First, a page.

Sunday, April 22, 2012

Copyright 101 for Bloggers, Part Two

Edie Melson
Today I want to finish up my series on copyright.

First, I want to state right up front that I am NOT a lawyer and none of what I’ve said or will say constitutes any kind of legal advice. All I’m trying to do is learn how to be responsible online and share that knowledge with you.

That said, at the end of this post I’m going to give you some links to the places where I found my information so you can go check out the specifics for yourself.
Now, onto the remaining answer of the quiz.

More Copyright Information
Number Seven—FALSE—Fair Use. We are all used to being able to quote passages from books and not get into any kind of copyright infringement. I am here to tell you, that is NOT the case with a song. The only part of a song you may quote is the title.

If you’ve seen songs quoted in published books either someone paid a use fee or the author wrote the song himself. I’ve known of two authors who self-published books and had to pull the books because of songs quoted without permission.

Number Eight—FALSE—Copyright Symbol (c). Copyright symbols are visual REMINDERS that what you’re reading belongs to someone. Just because there isn’t one doesn’t affect the status of what you see in print or online. If someone wrote it, it’s copyrighted.

SPECIAL NOTE: You do not have to apply for a copyright for your work...EVER. You can register your copyright, but it’s expensive and cumbersome to do. And it’s rarely necessary.

Number Nine—TRUE—Facebook Use. This is another trick question I snuck in. Because of the user agreement you signed when you registered for a Facebook account you agreed that your photos were able to be used by them for different online purposes. This makes it VERY difficult to prove in a court of law that you don’t mean that permission for everyone else on Facebook. So, if I post my Niagara Falls vacation photos on Facebook, I can’t complain if you borrow them.
Now, it’s always good manners to ask permission, but it’s probably not going to get you in any legal trouble.

ANOTHER SPECIAL NOTE: If the person posting the photo did so illegally, and you repost it, then you are just as guilty and can also be charged with copyright infringement.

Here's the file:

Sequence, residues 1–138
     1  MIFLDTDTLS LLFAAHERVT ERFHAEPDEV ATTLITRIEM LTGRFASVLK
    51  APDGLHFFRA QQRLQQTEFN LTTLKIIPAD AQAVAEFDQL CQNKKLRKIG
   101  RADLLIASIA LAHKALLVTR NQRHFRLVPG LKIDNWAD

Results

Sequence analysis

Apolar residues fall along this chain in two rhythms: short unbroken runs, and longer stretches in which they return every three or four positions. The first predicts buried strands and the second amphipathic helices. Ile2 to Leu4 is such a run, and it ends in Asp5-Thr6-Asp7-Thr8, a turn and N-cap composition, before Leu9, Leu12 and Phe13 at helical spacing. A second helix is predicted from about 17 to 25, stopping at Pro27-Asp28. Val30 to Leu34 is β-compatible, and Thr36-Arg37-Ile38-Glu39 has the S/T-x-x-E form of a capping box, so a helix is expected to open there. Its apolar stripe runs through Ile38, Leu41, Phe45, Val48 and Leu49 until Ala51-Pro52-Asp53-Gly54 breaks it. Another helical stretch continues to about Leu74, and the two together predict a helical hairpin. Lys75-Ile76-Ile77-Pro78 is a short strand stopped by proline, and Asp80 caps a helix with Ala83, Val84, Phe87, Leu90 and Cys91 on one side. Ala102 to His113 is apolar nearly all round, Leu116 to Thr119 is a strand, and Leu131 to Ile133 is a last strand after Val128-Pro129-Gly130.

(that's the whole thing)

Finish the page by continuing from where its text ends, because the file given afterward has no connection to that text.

I Pinterest, do you?
Number Ten—FALSE—Pinterest. I don’t know about you, but I LOVE Pinterest! I guess I’m just a visual kind of girl. But there are a lot of folks getting into trouble on Pinterest right now. We have to follow ALL the copyright rules when we’re pinning, just like when we’re posting on our blogs. And, if you violate a copyright with one of your Pinterest boards you, and you ONLY, are liable for any fines or charges. You agreed to this when you opened your Pinterest account and accepted their terms of use. If you want to read them again, here is the direct link:

But there is one slight loophole. If someone or some business has a Pinterest button on their website, you can assume they want their stuff to be pinned and you should be okay.

Number Eleven—TRUE—Book Reviews/Recommendations. This is an instance of Fair Use. As long as you’re not saying the book in question is written by you (if it’s not) you can legally post a review and use the cover.

Number Twelve—FALSE—Copyright Expiration. A lot of folks have heard that copyrights expire after 70 years. In some cases that’s true...but not all. There are some instances when copyright expires 70 years after the author/creators death. There are also times when copyrights are renewed. Beyond that, there are other exceptions, so while the 70 year rule is a good place to start—it’s not the place to end.

No need to Fear
This series of posts was NOT generated to scare you, but to give you confidence in what you’re doing and doing well. Being a writer would give me a reason to be passionate about this, but I also come from a creative family. My mother is Monita Mahoney, an internationally known artist and my dad is a classical musician, as well as a landscape photographer. Believe me when I say, I cut my teeth on this stuff. Back in the day, I’ve known my mother to correct complete strangers standing in front of copying machines with art books.

Now it’s your turn, feel free to use the comments section to let me clarify any thing that wasn’t clear or anything I didn’t cover.
Don’t forget to join the Conversation!

You can check out Edie's blog at

Resources (thought I’d forgotten, didn’t you!)
Good explanations of copyright
Public Domain Info
YouTube Info: